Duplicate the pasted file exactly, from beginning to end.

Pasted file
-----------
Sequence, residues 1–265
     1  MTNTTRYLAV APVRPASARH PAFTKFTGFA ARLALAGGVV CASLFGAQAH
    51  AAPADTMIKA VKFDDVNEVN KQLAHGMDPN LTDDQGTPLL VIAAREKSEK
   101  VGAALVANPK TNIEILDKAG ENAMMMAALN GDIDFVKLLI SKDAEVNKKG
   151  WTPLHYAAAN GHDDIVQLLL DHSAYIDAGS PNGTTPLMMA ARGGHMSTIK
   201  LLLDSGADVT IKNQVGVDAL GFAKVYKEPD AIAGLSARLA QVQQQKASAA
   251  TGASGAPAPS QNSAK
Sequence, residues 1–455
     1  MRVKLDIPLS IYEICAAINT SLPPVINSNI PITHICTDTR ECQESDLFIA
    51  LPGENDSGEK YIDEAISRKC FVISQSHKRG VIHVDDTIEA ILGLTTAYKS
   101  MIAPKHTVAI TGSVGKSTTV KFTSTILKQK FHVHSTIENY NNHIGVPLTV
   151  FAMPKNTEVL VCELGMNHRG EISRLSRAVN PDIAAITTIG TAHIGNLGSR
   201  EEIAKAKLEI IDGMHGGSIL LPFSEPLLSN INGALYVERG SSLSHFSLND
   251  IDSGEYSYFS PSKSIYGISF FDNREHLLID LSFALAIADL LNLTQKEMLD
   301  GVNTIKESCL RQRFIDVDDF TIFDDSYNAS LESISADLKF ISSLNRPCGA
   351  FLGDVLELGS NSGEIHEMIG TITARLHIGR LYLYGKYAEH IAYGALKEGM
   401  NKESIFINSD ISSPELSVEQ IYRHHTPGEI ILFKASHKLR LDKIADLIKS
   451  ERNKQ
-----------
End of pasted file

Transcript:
Sequence, residues 1–265
     1  MTNTTRYLAV APVRPASARH PAFTKFTGFA ARLALAGGVV CASLFGAQAH
    51  AAPADTMIKA VKFDDVNEVN KQLAHGMDPN LTDDQGTPLL VIAAREKSEK
   101  VGAALVANPK TNIEILDKAG ENAMMMAALN GDIDFVKLLI SKDAEVNKKG
   151  WTPLHYAAAN GHDDIVQLLL DHSAYIDAGS PNGTTPLMMA ARGGHMSTIK
   201  LLLDSGADVT IKNQVGVDAL GFAKVYKEPD AIAGLSARLA QVQQQKASAA
   251  TGASGAPAPS QNSAK
Sequence, residues 1–455
     1  MRVKLDIPLS IYEICAAINT SLPPVINSNI PITHICTDTR ECQESDLFIA
    51  LPGENDSGEK YIDEAISRKC FVISQSHKRG VIHVDDTIEA ILGLTTAYKS
   101  MIAPKHTVAI TGSVGKSTTV KFTSTILKQK FHVHSTIENY NNHIGVPLTV
   151  FAMPKNTEVL VCELGMNHRG EISRLSRAVN PDIAAITTIG TAHIGNLGSR
   201  EEIAKAKLEI IDGMHGGSIL LPFSEPLLSN INGALYVERG SSLSHFSLND
   251  IDSGEYSYFS PSKSIYGISF FDNREHLLID LSFALAIADL LNLTQKEMLD
   301  GVNTIKESCL RQRFIDVDDF TIFDDSYNAS LESISADLKF ISSLNRPCGA
   351  FLGDVLELGS NSGEIHEMIG TITARLHIGR LYLYGKYAEH IAYGALKEGM
   401  NKESIFINSD ISSPELSVEQ IYRHHTPGEI ILFKASHKLR LDKIADLIKS
   451  ERNKQ